10984497_10206154600377405_5606755223133504857_nWhen I have fresh greens out of the garden, I like to make my own salad dressing.   And recently, I had the opportunity to make a salad with the help of two sisters, Ana and Eden, who were visiting Colorado from Maryland.   The youngest, Eden, was especially eager to help harvest the lettuce and prepare the salad.   With the help of both Ana and Eden, we created a lovely salad for our lunch.    The dressing is especially delicious and made with fresh French shallots I grew in my garden.  The recipe was first prepared for me by our French exchange student, Zoe, who made it during her visit in July 2013.   Here it is:

2 tbsps minced shallot

1 tsp Dijon mustard

1/4 cup extra virgin olive oil

1/4 cup balsalmic vinegar

salt and pepper to taste

Mix all the ingredients together in a jar, put the lid on and shake.   Store in refrigerator of a week.

August 6, 2015 — Cooking Up This Week’s Huge CSA Share

August 6, 2015 — Cooking Up This Week’s Huge CSA Share

11834934_10206248836413247_1252265432375814819_oWe are fortunate to live right next to the farm where our CSA share is grown.    And every other Thursday for the last five years, my partner and I have enjoyed going down to the Chatfield Farm to retrieve our freshly picked local produce.   Today, our share finally hit its zenith with an impressive load of delicious vegetables. Here is a list of what I picked up today:

  • 1 bunch chives, Thai basil
  • 5 beets
  • 3 green peppers
  • 3 pounds heirloom tomatoes
  • 1 pound spinach
  • large bunch kale
  • 2 bulbs garlic
  • 2 small summer squash.

With such a large haul added to the abundance of fresh herbs and vegetables rolling in from both my home garden and my community plots, it is always a challenge to prepare and eat it all — or give it away — before its relegated to the compost heap.    Today, I was inspired to get organized and make a plan for incorporating this bounty into delicious dishes everyone in our family will eat.

Here is the menu for the next few days and some of the tried and true recipes I am using:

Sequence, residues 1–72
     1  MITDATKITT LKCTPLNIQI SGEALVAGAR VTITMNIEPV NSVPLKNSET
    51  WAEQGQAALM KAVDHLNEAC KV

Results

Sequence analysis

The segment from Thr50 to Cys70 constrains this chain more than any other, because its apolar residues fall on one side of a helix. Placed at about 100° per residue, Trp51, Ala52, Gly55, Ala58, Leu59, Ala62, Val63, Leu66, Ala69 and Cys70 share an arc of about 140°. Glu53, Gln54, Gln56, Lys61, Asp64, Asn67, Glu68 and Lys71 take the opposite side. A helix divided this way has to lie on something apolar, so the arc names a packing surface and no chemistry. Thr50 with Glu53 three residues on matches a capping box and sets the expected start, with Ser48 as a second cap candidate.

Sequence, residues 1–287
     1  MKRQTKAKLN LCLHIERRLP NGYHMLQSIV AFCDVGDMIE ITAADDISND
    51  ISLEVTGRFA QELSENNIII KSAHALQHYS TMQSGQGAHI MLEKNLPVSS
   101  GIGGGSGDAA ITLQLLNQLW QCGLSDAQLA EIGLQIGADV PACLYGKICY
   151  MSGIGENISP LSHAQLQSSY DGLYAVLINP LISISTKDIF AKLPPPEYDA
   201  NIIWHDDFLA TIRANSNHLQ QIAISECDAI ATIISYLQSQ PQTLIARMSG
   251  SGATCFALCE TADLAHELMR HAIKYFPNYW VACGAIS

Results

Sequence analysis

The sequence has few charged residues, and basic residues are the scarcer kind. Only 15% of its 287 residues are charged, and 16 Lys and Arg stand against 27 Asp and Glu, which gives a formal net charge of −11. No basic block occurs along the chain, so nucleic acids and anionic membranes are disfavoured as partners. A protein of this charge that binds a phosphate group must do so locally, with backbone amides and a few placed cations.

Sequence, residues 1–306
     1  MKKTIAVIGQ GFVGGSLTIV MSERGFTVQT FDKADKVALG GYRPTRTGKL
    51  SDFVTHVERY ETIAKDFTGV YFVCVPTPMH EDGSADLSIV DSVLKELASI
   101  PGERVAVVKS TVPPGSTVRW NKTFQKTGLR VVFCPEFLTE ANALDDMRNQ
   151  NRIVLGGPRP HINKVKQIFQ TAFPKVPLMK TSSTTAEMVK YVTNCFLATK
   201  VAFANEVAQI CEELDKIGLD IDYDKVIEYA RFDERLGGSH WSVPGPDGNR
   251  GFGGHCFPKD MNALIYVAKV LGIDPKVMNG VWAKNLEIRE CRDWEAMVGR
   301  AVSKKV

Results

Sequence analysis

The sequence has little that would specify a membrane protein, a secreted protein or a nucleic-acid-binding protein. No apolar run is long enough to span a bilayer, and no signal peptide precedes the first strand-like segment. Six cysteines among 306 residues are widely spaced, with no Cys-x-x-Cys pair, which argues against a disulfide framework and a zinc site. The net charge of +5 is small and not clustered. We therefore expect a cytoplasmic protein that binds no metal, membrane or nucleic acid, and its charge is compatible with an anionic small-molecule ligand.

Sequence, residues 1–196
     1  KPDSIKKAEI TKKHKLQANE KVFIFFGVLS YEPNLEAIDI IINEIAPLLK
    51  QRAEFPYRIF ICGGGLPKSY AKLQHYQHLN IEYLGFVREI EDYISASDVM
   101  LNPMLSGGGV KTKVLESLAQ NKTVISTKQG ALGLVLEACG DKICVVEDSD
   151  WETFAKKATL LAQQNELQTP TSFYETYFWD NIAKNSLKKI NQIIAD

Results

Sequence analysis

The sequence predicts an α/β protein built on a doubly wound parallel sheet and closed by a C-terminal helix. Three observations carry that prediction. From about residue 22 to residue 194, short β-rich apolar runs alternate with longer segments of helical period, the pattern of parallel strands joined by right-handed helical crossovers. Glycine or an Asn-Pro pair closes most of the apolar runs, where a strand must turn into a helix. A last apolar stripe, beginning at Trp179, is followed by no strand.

• Cheddar Chive Buttermilk Biscuits
  • Roasted Kale Chips
  • Zoe’s Tomato Tart
  • Quinoa Vegetable Egg Muffins
  • Roasted Vegetables — Beets, Peppers, Carrots, Onions, Mushrooms, Summer Squash
  • Fritata with Tomato, Spinach, Basil and Chives
  • Thai Basil Pesto to put over spiralized squash noodles
  • Leftovers — puree sauted spinach and freeze to add to autumn soups,


Cheddar Chive Buttermilk Biscuits,   

3 cups flour

1/8 cup baking powder

1/3 tsp salt

4 ounces grated cheddar cheese

1/4 cup sliced chives

3/4 colf butter sliced

1 1/4 cup buttermilk

Preheat over to 425 F.  Combine flour, salt, cheese, chives in food processor and pulse until mixed.   add butter until mostly incorporated with a few remaining chunks.   Pour in buttermilk stopping just when the dough comes together.   Drop dough on baking sheet in 1/4 cup portions.   Bake 12-15 minutes or until golden brown.   Brush with melted butter and sprinkle with chives.

11816265_10206248847813532_7984222874652612317_oRoasted Kale Chips

1 bunch kale

2 Tbsp olive oil


Preheat oven to 300 F.   Remove ribs from the kale and gently tear leaves into bitesize pieces and place in large bowl.   Toss in olive oil and salt to taste.   Spread on cookie sheet and bake for 20 minutes or until kale is crispy.

IMG_1167Zoe’s Tomato Tart

Pepperidge Farm puff pastry

3-4 Tbsp Dijon Mustard

Gruyere Cheese, grated

3 large heirloom tomatoes, sliced thin

Fresh basil leaves

Preheat over to 350 F.   Defrost and roll one package of puff pastry.   Grease cookie sheet.   Spread dijon mustard on the surface of the pastry, then grate gruyere cheese on top.   Place tomato slices in single rows next and garnish with basil leaves.   Bake about 20 minutes.

Quinoa Egg Muffins

2 whole eggs

3 egg whites

1 cup cooked quinoa

1 cup chopped veggies

Spices of your choice, salt and pepper

2 tablespoons parmesan cheese (optional)

Preheat oven to 350 F.   Mix eggs together with a whisk and add other ingredients.   Spray muffin tin and add egg mixture.   Bake for 30 minutes.   Cool before serving and store leftovers in the refrigerator.    Courtesy of Dr. Oz.



Garden Treats for the Coffee Cart

Garden Treats for the Coffee Cart